Recently, I had to get surgery on a torn labrum in my shoulder. My doctor told me recovery time was four to six weeks with a sling, followed by two to four months of physical therapy. That meant four months with no heavy lifting, and nine months without boxing (which especially stunk for me!)
Athletes dread injury. Especially the injuries that will have us sidelined for extended periods of time, such as sprains and tears, or at worst, injuries that require surgery. It can be a total headache and do a number on your physical and mental wellbeing.
The best way you can deal with an injury? Act like it's just another challenge in your athletic career. Devise a smart game plan and stick to it. Here are five tips to guide you on your epic injury comeback.
1. Kill Your Ego
When I found out the recovery time for my torn labrum, I felt defeated.
Immediately after my surgery, I knew I needed patience, and most importantly my ego needed to take a back seat. Athletes want to compete and most of all we want to win. That drive to win and be successful ultimately derives from our ego.
It's easy for us to want to play and train through the pain but we have to take a step back and allow our body to heal. You might not be scoring touchdowns or smacking home runs anytime soon, so you must take pride in your recovery.
"My mindset was that the rehab would replace my football season. That had better be your mindset, otherwise it's going to be a very difficult rehab," Eagles center Jason Kelce told PhiladelphiaEagles.com after returning from a torn ACL in 2012. "It was nine months of a lot of frustrating work, especially early on, and then a lot of gratifying results toward the end of it."
He went on to be Pro Football Focus's highest graded NFL center in 2013.
2. Even if You Think You Can, Don't
There have been plenty of times I've thought I could do something I probably shouldn't do with my injured shoulder. Each time I tried, I was quickly reminded of the reasons I shouldn't. The lack of mobility and pain was always there, and my timetable told me that it would be there. But I thought I was ready.
Many athletes will be able to recover faster than the standard timetable, but that has to come through patience and persistence with the tools and procedures we are given to recover. Nothing is gained if we do things that will hinder our progress. Hyper-competitive San Diego Chargers QB Philip Rivers told STACK that patience in rehab is difficult but essential.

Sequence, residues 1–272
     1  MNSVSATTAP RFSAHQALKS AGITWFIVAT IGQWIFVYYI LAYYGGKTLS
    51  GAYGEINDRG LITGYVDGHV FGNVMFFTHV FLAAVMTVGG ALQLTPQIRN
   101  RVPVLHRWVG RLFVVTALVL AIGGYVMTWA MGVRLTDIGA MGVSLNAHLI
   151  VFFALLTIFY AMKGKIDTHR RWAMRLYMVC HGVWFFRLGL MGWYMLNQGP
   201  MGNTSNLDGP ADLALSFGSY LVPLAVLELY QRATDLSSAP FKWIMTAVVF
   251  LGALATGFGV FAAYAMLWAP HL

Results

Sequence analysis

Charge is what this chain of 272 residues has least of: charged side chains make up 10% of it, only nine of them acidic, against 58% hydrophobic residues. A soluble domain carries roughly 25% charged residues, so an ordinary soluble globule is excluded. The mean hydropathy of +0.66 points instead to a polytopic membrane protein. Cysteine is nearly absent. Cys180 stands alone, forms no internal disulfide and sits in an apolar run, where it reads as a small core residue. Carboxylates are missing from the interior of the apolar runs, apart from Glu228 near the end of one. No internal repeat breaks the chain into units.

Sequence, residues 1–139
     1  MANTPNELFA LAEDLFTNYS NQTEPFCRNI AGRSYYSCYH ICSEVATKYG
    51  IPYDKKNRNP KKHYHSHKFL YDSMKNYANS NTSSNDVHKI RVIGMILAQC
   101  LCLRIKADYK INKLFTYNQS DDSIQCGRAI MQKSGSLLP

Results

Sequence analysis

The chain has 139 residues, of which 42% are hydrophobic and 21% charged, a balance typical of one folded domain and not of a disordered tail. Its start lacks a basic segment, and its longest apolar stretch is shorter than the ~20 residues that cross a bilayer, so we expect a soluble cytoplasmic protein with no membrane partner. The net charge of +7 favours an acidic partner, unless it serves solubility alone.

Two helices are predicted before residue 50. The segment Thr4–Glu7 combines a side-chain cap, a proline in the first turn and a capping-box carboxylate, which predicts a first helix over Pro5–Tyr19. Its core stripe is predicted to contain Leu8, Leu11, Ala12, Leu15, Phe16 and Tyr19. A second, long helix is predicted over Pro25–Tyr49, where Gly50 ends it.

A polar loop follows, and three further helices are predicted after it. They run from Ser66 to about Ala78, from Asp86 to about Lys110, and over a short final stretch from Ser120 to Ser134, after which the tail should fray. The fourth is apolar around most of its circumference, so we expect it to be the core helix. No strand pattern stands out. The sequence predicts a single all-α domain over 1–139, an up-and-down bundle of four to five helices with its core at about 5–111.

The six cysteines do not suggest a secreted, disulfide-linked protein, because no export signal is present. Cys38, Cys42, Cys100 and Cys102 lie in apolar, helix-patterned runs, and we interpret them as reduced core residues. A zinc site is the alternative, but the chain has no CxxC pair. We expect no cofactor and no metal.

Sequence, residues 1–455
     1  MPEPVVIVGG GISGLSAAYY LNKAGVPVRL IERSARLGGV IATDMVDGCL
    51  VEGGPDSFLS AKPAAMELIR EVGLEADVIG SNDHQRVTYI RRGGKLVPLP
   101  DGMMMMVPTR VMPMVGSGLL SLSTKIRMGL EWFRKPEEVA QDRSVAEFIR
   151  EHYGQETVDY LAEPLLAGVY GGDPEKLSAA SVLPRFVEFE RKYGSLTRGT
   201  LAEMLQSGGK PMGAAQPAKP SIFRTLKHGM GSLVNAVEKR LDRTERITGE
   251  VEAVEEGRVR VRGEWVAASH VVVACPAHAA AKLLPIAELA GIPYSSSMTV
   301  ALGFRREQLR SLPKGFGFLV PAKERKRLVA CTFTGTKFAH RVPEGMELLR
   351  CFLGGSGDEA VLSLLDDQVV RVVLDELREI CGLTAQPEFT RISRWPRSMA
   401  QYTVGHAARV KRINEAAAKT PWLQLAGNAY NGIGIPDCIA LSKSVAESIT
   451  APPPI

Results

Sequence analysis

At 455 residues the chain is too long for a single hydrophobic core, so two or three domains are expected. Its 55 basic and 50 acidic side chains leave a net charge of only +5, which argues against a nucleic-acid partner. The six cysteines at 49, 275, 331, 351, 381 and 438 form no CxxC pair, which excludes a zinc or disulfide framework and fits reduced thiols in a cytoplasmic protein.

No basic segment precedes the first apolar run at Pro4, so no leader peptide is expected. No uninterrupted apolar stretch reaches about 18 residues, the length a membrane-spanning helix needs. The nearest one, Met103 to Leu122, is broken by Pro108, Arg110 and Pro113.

In the midst of rehabbing a torn ACL, Rivers said, "The hardest thing is having the patience, and understanding that it's going to come. I feel like 'well I can bend it all the way, I can straighten it all the way, I can walk on the treadmill, I can do leg press, so why can't I go (all out)?' You've just got to understand that it takes time."
Rivers' patience allowed him to come back stronger than ever, and he led the league in touchdown passes and passer rating during the season following his injury.
3. Rest and Relax
Allowing the body to heal means two things: rest and relaxation. Athletes are hardwired to always be in "Go" mode. But when the injury bug strikes, one of the best things we can do is use that time to rest and relax. Some of my personal favorite ways to rest and relax my body is doing yoga (if my injuries allow), getting massages or visiting a float tank.
4. Think Long Term
Is anyone really going to be excited if you return to practice earlier than expected only to re-injure yourself within a couple of days? Nope! It might be a tough pill to swallow, but rushing to return from an injury is not something a true team player does. It's all about long-term health!
Healing your body properly will allow you to prevent similar injuries in the future. Isn't that the goal? Not only does that mean more time spent playing the sports you love in the long run, but it's also imperative to remember that past our playing days we have to live with this body of ours and we want it to function well and live a pain-free life.
5. Trust The Process
I live in Philadelphia. We know a little bit about trusting the process. After being told about my recovery time, I felt defeated. But in that same instant, I knew each day I'd do whatever was asked of me to recover as fast as possible.
"You have to be ready to attack every day," Carson Palmer told STACK while recovering from a torn ACL in 2014. "You have to be ready to be mad, and bored, and sick of doing the same thing every day. You just have to know that is what the situation is going to be, and get through it."
Do exactly what's asked of you and work at it every single day. You'll be back in no time! Trust the process, my friends.
Photo Credit: skynesher/iStock
- The Mental Side of Recovering From an Injury
- Rebuilding a Champion: Carson Palmer's Grueling ACL Rehab
- How Flotation Therapy Improves Recovery